Matti is the star of a Finnish comic. FILE PHOTOS
Finland has come under the spotlight on Chinese social media in the past few months – not because it’s the happiest country in the world, but due to Finnish people’s habit of avoiding unnecessary socializing.
在过去的几个月间，芬兰在中国社交媒体上成了热议的话题 —— 并不是因为它是全球幸福感最高的国家，而是由于芬兰人有避免不必要社交的习惯。
The term “jingfen”, which is pronounced the same way as the Chinese word for “schizophrenia”, has been given a new meaning in China. Now, it refers to being “spiritually Finnish”. This usage was inspired by a comic called Finnish Nightmares. Matti, the main character in the comic, is a typical Finn who fears small talk and doesn’t like people entering his personal space.
“Matti tries his best to do to others as he wishes to be done to him: to give space, be polite and not bother with unnecessary conversations,” said Karoliina Korhonen, the comic’s creator.
Chen Si, 26, who studied in Finland for her bachelor’s degree, told Sixth Tone that in Finland, “You don’t expect someone to sit beside you if there are other seats available”.
Why has this seemingly awkward social conduct struck a chord with so many young Chinese people?
This may be because today’s young people seem to need more privacy and space than any previous generations. “It has inspired many of them to silently rebel against unwanted socialization, which makes them feel uncomfortable,” reported website Culture Trip.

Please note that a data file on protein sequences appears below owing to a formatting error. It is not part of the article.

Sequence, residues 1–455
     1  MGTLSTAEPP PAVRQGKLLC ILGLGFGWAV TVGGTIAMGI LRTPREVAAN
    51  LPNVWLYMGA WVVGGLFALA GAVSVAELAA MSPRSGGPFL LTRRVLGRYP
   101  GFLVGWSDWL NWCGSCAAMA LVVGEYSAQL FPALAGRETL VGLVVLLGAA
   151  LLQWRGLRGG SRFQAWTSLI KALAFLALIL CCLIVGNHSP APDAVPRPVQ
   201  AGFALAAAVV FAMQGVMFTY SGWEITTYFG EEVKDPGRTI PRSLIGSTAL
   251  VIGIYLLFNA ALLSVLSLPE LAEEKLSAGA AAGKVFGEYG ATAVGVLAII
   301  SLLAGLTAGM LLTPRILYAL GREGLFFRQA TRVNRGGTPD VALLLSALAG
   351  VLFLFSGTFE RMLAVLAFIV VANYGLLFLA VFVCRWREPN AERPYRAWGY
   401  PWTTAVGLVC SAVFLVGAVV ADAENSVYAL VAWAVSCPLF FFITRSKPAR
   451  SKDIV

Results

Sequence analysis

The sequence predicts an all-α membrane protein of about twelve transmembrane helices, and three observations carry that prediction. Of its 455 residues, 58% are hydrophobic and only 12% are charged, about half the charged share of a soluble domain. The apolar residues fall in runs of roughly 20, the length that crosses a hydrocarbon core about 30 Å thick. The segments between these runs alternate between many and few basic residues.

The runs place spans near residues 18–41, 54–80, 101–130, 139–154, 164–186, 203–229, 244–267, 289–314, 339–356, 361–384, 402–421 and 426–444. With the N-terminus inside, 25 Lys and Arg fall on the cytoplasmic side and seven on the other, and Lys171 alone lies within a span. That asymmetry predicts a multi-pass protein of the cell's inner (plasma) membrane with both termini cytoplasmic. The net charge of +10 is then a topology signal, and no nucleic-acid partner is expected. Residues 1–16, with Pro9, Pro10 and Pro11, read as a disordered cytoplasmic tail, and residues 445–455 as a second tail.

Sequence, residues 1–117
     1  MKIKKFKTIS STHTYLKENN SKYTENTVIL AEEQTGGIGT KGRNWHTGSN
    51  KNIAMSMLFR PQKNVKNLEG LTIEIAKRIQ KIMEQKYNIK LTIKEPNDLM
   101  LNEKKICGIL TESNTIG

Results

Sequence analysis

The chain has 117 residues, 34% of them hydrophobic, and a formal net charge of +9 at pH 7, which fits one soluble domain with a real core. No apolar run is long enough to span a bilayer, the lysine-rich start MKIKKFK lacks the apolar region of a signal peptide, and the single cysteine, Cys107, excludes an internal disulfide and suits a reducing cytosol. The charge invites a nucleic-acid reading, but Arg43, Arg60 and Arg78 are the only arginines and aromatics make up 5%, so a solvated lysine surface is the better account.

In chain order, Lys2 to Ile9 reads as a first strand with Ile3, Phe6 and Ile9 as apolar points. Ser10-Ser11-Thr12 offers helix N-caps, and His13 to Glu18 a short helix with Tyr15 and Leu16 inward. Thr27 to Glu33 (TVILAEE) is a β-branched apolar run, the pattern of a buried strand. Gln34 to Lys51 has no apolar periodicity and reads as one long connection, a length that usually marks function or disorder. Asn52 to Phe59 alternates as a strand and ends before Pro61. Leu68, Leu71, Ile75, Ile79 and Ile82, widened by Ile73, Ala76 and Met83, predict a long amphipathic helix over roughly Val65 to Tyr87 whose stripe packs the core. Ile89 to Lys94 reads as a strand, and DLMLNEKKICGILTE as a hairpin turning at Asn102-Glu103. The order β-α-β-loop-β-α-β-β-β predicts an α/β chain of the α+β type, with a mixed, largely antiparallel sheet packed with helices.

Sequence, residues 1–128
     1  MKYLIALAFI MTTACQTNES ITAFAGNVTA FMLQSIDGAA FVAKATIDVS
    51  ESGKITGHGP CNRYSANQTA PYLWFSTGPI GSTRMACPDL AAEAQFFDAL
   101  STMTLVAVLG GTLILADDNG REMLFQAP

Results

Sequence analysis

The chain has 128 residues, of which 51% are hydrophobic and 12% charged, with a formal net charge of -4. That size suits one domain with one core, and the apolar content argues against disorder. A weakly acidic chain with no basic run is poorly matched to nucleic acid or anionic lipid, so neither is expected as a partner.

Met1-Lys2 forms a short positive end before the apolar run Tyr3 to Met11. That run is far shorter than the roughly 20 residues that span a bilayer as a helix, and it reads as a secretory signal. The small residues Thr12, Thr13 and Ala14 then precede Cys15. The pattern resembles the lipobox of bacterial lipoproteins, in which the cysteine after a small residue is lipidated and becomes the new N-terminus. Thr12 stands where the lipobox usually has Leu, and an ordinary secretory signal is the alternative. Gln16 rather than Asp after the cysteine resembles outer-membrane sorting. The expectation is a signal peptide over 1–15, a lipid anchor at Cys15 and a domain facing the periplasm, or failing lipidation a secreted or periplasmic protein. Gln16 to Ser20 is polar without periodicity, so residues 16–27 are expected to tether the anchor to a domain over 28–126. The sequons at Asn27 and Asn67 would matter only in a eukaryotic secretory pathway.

The phenomenon has also been attributed to the one-child policy, under which today’s young people were born. As a result, most modern young Chinese people have grown up without siblings and with very few cousins.
“I believe that there are many more cases of jingfen in our generation compared to our parents’ generation … they find they can live alone happily,” Chen said.
“Moreover, modern technology has changed our ways of communication. It estranges us from each other, especially young people. They might become a little anthropophobic, just like Matti,” said Yang Yixin, a professor of Finnish language and culture at Beijing Foreign Studies University.
But living alone and avoiding unnecessary human contact doesn’t necessarily have to be a bad thing. For many people, jingfen doesn’t actually mean refusing to socialize. Instead, living in a busy society that places great pressure on their shoulders, many people just want to keep some personal space for themselves. Indeed, if a person seems as introverted and unapproachable as Matti, they could still very well be warm and friendly on the inside.